The Greatest Love of All
By Maryel McKinley
Do you feel as though you give give give to your relationship and are so exhausted that you have nothing left for yourself? Are you trying so hard to make things work that your own needs are not being met? Last month we discussed how to get out of the problem and into the solution. We talked about how we choose to perceive things, and how we need to take responsibility for feeling angry, and taking a look at what we are doing rather than reacting and blaming. Getting out of the problem and into the solution means taking care of yourself, so you can have something to give back to the relationship.
In the hit song ďThe Greatest Love of All,Ē Whitney Houston eloquently sings that the greatest love of all is learning to love ourselves. This does not mean taking love from someone else to fill up our emotional emptiness. What it does mean is learning to become the fully-faceted diamond that we are as Godís magnificent children so we might have something beautiful to offer our relationships. But do you think God would want His children to drain themselves to the breaking point, trying to serve anotherís insatiable needs and desires? Of course not!
It really makes my heart break when I see couples with this imbalance in place. One of the partners may be suffering from a lack of trust due to the other partnerís past actions. In attempting to rectify their misdeeds, and take personal responsibility for their own part in this mistrust, the offending partner takes action and turns their life around for the better. This usually works out for the best. However, this is not the case when the offending partner continues to hold guilt to the point of beating themselves up. It is though they are taking their previous behavior toward the mate and turning it inward on themselves, thus creating a new victim in the relationship.
In turn, if the wounded partner holds onto the mistrust and refuses to let it go, in spite of their partnerís new positive behavior, we are looking at two very unhappy people as the balance of power shifts. The partner who canít seem to trust again can subconsciously become the perpetrator in the scenario! I have seen this situation countless times in my private counseling practice, and the only way out is for each partner to individually learn to love and take care of themselves and their own personal needs before the union can be healed and become whole again.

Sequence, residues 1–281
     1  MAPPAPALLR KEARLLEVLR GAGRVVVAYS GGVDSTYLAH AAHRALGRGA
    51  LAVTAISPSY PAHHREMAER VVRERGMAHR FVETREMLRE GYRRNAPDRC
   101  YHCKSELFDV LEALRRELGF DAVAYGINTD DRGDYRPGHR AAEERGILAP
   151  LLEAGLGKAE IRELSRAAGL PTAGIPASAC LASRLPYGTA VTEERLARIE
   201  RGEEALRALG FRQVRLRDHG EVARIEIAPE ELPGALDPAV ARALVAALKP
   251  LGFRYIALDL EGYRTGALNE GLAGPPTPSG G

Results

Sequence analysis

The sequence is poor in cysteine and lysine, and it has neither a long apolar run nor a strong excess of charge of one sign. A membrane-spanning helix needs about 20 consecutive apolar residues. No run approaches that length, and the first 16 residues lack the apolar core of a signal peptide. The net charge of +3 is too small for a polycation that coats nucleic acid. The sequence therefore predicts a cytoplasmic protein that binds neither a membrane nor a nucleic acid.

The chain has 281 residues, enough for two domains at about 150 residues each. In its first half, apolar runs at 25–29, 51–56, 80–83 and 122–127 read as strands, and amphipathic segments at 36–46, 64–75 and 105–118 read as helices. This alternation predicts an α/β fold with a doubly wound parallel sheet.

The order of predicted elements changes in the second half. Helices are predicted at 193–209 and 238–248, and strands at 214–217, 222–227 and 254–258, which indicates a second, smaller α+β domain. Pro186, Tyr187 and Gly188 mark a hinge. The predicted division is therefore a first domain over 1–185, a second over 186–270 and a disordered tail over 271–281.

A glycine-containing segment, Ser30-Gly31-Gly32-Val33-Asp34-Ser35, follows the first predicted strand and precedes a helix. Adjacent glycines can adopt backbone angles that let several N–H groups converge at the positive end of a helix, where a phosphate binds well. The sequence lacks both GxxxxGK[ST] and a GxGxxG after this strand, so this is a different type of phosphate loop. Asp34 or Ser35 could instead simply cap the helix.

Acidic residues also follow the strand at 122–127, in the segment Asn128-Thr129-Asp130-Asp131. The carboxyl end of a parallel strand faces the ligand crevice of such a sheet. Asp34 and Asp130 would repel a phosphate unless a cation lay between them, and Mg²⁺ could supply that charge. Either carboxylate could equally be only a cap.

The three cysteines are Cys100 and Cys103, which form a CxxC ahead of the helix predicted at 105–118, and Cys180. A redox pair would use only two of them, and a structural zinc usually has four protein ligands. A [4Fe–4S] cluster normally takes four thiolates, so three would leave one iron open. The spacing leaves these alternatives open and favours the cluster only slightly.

The guilty partner needs to take inventory of their new actions and stay consistent, and say to themselves ďOkay, I know I did this harmful action to hurt my partner in the past, but for the past three months I have changed my behavior, and I am doing everything I can to be a trustworthy mate. I need to let go of this guilt and I need to learn to forgive myself.Ē And when you find yourself buying into that guilty feeling just because your mate hasnít forgiven you yet, take time for yourself and know that you are not responsible for your partnerís feelings. After all, you are now doing your best.
The offended mate who is holding onto the mistrust needs to be willing to move into a space of heartfelt forgiveness. Actively recognizing and acknowledging to themselves and their mate that they see a positive change and are grateful for that new behavior is a start. For both partners I would then highly recommend a personal practice of meditation, positive affirmations and prayer and time spent alone doing whatever pleasures them as individuals. Remember, Two halves do not make a whole and if you donít learn to love who you are and develop your own life and self esteem, you will stay stuck in this hurtful place that has been created by both partners.
For those not in a relationship, I remind them that this is a fabulous opportunity while they are alone to learn about who they are, and to develop a strong sense of self. Again, a spiritual practice of your own choice is externally helpful in learning about self-love. Finally, remember we never really ďarriveĒ at the perfect relationship, but it is a learning process.
Learning to love ourselves is the most poignant experience and the greatest love of all!
Dr. Maryel Mckinley is a Doctor of Philosophy in Metaphysical Counseling, an ordained interfaith minister, marriage counselor and licensed addictions therapist. For a free counseling session please call (949) 887-7957, or contact her at www.RelationshipSOS.com . If you would like her to perform you wedding vows call (818) 593-2007 and request her services.
Return to the May/June Index page